It may be recorded that no affair of honor in Louisiana ever left a braver little widow. When Joseph and his doctor pretended to play chess together, but little more than a half-century had elapsed since the fille a la cassette stood before the Grand Marquis and refused to wed. Yet she had been long gone into the skies, leaving a worthy example behind her in twenty years of beautiful widowhood. Her son, the heir and resident of the plantation at Cannes Brulees, at the age of—they do say—eighteen, had married a blithe and pretty lady of Franco-Spanish extraction, and, after a fair length of life divided between campaigning under the brilliant young Galvez and raising unremunerative indigo crops, had lately lain down to sleep, leaving only two descendants—females—how shall we describe them?—a Monk and a Fille a la Cassette. It was very hard to have to go leaving his family name snuffed out and certain Grandissime-ward grievances burning.
* * * * *
“There are so many Grandissimes,” said the weary-eyed Frowenfeld, “I cannot distinguish between—I can scarcely count them.”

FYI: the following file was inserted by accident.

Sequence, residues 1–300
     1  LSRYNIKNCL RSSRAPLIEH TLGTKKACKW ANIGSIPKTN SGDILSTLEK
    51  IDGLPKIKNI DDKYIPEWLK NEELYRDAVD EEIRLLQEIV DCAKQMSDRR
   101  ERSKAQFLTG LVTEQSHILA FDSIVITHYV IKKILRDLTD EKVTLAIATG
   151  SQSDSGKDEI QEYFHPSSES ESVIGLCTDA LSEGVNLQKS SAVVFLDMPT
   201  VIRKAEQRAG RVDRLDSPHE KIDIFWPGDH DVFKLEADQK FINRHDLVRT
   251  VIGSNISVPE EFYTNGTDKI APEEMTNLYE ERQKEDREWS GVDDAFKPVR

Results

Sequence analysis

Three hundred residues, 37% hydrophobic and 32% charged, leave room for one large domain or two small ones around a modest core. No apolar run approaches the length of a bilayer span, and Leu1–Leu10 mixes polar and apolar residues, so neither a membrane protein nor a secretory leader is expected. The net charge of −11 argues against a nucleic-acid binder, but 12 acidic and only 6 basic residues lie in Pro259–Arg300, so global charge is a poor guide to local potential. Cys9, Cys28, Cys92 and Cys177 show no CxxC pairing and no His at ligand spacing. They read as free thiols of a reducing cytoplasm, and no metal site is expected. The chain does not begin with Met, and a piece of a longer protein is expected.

“Well, now,” said the doctor, “let me tell you, don’t try. They can’t do it themselves. Take them in the mass—as you would shrimps.”
The little doctor tipped his chair back against the wall, drew up his knees, and laughed whimperingly in his freckled hands.
“I had to do some prodigious lying at that ball. I didn’t dare let the De Grapion ladies know they were in company with a Grandissime.”
“I thought you said their name was Nancanou.”
“Well, certainly—De Grapion-Nancanou. You see, that is one of their charms: one is a widow, the other is her daughter, and both as young and beautiful as Hebe. Ask Honore Grandissime; he has seen the little widow; but then he don’t know who she is. He will not ask me, and I will not tell him. Oh, yes; it is about eighteen years now since old De Grapion—elegant, high-stepping old fellow—married her, then only sixteen years of age, to young Nancanou, an indigo-planter on the Fausse Riviere—the old bend, you know, behind Pointe Coupee. The young couple went there to live. I have been told they had one of the prettiest places in Louisiana. He was a man of cultivated tastes, educated in Paris, spoke English, was handsome (convivial, of course), and of perfectly pure blood. But there was one thing old De Grapion overlooked: he and his son-in-law were the last of their names. In Louisiana a man needs kinsfolk. He ought to have married his daughter into a strong house. They say that Numa Grandissime (Honore’s father) and he had patched up a peace between the two families that included even old Agricola, and that he could have married her to a Grandissime. However, he is supposed to have known what he was about.